On 6 February 2018 MEPs finally approved the geo-blocking regulation (Regulation on addressing geo-blocking and other forms of discrimination based on customers' nationality, place of residence or place of establishment within the internal market the wording approved by the European Parliament is available at this link). The geo-blocking regulation aims to ban geo-blocking and other geographically-based restrictions, which, in the Commission's view, undermine online shopping and cross-border sales within the EU and thus the Digital Single Market.

Pursuant to the regulation, traders serving end-customers (including both B2C and B2B customers) within the EU must not discriminate in their general terms and conditions (GTCs) for reasons related to the nationality, place of residence or place of establishment (geo-factors) of the customer in specific situations. These situations refer to:

  • the sale of goods without physical delivery (ie retailers will not be forced to offer cross-border deliveries);
  • the sale of electronically supplied services (such as cloud services, web hosting, excluding, copyrighted content like films, music etc); and
  • the sale of services provided in a specific physical location (eg event tickets). 

The regulation also:

  • makes it mandatory for traders (including marketplaces) to grant cross-border customers access to country-specific sites and refrain from automatic re-routing without the consent of the customer; and
  • limits the possibility for traders (of both goods and services) to apply different conditions for a payment transaction, for instance if the trader accepts payment by credit card, it will (under certain conditions) not be lawful to accept only credit cards issued in a certain member state.

Aside from the non-discrimination rules described above, the regulation also affects passive sales clauses, for example in distribution/licensing agreements. Passive sales clauses imposing obligations on traders to act in violation of the non-discrimination rules described above are automatically void. Further sanctions may be imposed by the member states.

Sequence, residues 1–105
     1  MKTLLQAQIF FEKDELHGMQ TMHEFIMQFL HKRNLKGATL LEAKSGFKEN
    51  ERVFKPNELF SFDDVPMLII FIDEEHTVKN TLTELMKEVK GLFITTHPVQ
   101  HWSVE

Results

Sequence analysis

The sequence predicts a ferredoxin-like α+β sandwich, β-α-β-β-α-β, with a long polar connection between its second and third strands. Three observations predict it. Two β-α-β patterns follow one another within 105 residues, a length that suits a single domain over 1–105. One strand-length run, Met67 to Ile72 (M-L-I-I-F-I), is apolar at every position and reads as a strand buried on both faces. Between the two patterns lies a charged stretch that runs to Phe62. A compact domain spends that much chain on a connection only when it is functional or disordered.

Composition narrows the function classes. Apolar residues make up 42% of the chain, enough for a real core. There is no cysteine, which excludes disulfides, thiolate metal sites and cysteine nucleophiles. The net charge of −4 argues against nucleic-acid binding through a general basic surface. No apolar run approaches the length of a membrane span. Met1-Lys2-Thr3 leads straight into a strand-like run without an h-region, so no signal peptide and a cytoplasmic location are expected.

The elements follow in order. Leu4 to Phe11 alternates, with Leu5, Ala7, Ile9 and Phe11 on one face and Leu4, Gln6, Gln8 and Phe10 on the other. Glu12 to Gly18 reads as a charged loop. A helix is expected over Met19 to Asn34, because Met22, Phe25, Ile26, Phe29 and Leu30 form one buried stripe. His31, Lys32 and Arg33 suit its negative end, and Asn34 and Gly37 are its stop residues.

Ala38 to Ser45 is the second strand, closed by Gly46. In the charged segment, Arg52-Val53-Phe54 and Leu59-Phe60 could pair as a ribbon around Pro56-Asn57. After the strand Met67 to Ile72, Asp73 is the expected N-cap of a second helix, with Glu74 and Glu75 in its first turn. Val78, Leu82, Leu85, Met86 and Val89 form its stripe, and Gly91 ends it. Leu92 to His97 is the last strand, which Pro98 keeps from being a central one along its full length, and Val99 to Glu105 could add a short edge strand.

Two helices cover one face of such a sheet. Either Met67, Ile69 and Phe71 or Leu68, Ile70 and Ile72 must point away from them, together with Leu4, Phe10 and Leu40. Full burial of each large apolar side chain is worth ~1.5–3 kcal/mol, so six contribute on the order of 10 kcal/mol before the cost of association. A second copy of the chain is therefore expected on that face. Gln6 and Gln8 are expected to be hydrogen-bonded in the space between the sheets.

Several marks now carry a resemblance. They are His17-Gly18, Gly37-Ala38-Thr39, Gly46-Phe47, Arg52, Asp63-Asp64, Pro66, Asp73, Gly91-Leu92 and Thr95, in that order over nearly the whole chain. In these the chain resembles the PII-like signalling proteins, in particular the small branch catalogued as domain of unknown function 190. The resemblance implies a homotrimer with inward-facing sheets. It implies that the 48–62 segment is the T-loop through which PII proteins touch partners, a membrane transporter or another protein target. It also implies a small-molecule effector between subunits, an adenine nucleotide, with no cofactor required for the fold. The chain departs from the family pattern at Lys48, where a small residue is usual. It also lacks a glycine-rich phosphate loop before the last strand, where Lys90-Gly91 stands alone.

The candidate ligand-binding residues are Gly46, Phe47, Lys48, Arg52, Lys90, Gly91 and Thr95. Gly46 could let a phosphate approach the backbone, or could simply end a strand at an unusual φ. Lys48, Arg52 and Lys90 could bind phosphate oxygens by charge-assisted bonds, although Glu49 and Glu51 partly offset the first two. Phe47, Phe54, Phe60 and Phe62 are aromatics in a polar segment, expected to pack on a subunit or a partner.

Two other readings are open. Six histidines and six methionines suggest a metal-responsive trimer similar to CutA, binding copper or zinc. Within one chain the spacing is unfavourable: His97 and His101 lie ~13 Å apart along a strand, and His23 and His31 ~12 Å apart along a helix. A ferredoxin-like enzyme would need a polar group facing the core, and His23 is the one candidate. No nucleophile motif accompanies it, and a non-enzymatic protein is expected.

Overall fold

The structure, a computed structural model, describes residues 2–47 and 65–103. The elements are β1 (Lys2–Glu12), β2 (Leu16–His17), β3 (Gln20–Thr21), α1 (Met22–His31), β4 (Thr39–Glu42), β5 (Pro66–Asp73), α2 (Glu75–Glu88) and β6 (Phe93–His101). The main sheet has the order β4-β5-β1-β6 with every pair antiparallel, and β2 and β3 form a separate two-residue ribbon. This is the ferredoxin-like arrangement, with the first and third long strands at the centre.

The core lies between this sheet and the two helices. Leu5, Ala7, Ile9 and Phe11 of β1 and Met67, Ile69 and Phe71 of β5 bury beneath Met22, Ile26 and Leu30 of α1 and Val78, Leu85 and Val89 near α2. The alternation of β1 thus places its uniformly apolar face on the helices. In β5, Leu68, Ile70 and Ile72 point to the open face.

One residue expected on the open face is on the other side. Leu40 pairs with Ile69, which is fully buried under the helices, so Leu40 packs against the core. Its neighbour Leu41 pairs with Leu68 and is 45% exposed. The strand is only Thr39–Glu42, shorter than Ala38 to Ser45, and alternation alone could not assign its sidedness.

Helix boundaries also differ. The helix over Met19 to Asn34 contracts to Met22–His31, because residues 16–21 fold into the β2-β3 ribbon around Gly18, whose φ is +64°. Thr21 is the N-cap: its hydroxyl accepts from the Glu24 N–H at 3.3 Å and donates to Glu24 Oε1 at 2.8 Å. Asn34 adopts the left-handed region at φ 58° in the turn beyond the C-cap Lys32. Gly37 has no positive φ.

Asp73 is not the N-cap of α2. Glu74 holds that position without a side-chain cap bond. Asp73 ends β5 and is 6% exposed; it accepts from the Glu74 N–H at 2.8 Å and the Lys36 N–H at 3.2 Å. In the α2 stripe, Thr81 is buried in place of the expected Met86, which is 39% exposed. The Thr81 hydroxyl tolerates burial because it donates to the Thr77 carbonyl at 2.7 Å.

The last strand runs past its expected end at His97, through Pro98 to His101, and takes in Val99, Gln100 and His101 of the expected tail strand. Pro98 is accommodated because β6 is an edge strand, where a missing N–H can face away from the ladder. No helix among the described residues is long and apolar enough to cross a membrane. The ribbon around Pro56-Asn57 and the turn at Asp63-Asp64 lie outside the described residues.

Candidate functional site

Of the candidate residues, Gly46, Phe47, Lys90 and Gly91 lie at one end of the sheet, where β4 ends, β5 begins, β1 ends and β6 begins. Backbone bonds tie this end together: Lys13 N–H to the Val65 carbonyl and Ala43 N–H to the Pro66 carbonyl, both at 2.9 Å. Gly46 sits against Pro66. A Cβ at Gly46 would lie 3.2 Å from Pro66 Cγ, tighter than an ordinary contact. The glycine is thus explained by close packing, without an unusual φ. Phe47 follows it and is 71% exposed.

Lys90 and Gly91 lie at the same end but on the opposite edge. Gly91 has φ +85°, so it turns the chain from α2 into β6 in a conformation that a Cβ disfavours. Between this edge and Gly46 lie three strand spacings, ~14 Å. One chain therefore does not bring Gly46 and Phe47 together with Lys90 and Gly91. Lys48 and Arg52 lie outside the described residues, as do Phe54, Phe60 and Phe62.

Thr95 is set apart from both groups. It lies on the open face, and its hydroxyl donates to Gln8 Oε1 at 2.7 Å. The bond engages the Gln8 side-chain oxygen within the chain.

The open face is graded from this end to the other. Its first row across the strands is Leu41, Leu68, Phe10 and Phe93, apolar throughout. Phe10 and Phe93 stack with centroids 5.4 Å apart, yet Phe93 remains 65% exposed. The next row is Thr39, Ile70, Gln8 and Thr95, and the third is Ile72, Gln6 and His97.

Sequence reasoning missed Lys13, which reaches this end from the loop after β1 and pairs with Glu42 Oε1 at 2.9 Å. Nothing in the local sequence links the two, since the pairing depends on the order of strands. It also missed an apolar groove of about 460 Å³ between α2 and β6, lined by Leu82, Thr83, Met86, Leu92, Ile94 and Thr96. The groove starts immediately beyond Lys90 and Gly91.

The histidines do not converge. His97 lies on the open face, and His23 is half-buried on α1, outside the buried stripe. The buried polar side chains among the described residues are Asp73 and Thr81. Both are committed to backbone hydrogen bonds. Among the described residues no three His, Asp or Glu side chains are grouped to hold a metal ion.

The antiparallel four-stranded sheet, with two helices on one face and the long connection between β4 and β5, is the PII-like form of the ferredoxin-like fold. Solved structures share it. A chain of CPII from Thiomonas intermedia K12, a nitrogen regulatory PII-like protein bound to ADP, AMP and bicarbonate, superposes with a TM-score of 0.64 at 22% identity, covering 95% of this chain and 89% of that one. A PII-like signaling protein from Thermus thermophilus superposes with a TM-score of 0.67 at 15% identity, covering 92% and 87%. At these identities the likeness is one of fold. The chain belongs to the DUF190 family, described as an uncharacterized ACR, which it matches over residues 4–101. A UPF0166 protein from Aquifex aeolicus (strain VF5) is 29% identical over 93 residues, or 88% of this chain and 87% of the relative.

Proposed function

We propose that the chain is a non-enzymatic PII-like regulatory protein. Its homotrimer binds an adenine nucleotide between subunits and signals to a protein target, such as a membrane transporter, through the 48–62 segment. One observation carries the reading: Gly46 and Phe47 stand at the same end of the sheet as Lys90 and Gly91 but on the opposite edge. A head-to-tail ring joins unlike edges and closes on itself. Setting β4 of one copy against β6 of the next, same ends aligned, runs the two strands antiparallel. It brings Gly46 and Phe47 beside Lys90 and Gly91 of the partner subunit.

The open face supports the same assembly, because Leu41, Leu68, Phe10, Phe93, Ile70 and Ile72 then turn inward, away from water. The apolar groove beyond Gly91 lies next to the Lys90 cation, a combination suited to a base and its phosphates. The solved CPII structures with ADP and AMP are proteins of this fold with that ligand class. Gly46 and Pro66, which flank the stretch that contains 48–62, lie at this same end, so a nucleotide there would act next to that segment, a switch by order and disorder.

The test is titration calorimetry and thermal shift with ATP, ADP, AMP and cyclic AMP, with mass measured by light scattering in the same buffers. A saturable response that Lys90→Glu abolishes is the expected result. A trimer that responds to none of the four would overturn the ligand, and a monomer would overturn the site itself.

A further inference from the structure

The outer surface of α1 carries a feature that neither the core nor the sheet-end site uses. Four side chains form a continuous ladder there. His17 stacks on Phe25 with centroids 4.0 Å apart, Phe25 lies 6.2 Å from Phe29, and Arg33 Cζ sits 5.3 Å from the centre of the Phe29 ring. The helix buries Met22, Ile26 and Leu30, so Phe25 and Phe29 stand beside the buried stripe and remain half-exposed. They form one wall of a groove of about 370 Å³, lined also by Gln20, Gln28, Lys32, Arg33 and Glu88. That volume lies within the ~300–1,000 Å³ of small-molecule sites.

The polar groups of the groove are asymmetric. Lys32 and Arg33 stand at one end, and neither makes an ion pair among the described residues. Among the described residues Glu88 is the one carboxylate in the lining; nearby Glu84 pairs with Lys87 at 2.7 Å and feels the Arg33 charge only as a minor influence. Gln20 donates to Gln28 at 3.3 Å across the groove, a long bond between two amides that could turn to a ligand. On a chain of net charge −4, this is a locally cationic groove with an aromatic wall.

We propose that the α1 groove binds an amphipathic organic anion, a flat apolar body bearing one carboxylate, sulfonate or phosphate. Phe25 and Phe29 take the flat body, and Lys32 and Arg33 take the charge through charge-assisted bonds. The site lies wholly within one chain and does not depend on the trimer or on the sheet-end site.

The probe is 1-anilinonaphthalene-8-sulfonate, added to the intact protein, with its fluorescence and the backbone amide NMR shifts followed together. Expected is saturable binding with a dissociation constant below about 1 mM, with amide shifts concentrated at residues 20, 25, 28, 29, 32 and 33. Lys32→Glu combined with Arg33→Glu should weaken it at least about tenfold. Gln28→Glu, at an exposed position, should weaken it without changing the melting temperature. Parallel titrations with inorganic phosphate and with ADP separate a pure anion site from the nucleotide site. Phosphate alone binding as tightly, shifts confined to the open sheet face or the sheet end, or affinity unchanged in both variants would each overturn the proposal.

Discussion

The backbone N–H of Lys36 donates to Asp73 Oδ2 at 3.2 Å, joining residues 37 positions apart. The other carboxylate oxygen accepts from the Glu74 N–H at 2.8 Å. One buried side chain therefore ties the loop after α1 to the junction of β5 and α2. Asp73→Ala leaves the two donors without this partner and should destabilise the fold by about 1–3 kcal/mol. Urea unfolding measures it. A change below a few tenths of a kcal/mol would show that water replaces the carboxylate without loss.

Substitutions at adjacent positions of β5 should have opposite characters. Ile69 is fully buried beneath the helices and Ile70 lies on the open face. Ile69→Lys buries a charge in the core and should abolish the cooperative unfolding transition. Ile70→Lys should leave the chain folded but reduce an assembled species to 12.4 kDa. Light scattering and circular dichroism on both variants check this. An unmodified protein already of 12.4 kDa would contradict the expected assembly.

Pending formal approval by the Council, the new rules will start to apply by the end of 2018. Businesses are well advised to make use of this rather short transition period to carefully assess whether geo-blocking practices are in place and if they require adjustments.

Main elements of the regulation and practical implications

The geo-blocking regulation prohibits geo-based discrimination at different stages of commercial transactions:

  • The geo-blocking regulation protects access to information. Customers must not be discriminated when accessing (country-specific) websites and may only be redirected to other websites if consent is given by the customers.
  • The geo-blocking regulation further prohibits the application of discriminatory GTCs and payment terms when selling goods/services to end-users. Traders shall not apply different GTCs (including net sales prices) or different conditions for a payment transaction for reasons related to geo-factors. However, services aimed to provide access to content protected under copyright laws (e.g. Netflix, Amazon, Sky, Spotify etc) are not covered.
  • Aside from these non-discrimination rules, which address unilateral geo-blocking measures, the geo-blocking regulation also addresses bilateral geo-blocking measures: It renders passive sales clauses automatically void, if these clauses impose obligations on traders to act in violation of the regulation’s non-discrimination rules.

What action do businesses need to take?

The geo-blocking regulation raises a number of questions.

  • Are geo-blocking practices in place (eg auto-forwarding of customers in online shops, application of different pricing or refusal of foreign credit cards based on the customer’s nationality, place of residence or temporary location) or agreed to (eg passive sales clauses implementing geo-blocking obligations in distribution agreements)?
  • If yes, are these practices and/or obligations covered by the respective laws on geo-blocking (eg addressed to end-user within the EU)?
  • If yes, can these practices be justified under the current and new legal regime (eg blocking of users from access to websites due to EU/national law)?
  • If not, is it necessary to modify the online interface mechanisms and processes (blocking/auto-forwarding on websites/online shops), respective terms and conditions and/or distribution agreements?

Pending formal approval by the Council, the new rules will come into force by the end of 2018. Thus traders are well advised to make use of this rather short transition period and carefully start to assess whether geo-blocking practices falling under the scope of the regulation are in place or agreed to, and, if yes, readjust their terms and sales organisation accordingly.